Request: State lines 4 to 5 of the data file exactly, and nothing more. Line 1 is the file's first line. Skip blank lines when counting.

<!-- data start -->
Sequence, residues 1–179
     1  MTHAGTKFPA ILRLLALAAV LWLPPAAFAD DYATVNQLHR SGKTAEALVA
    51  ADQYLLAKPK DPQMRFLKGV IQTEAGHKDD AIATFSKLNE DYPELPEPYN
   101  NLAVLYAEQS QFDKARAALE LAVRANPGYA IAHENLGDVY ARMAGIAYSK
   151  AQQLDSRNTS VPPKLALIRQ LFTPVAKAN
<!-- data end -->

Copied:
   101  NLAVLYAEQS QFDKARAALE LAVRANPGYA IAHENLGDVY ARMAGIAYSK
   151  AQQLDSRNTS VPPKLALIRQ LFTPVAKAN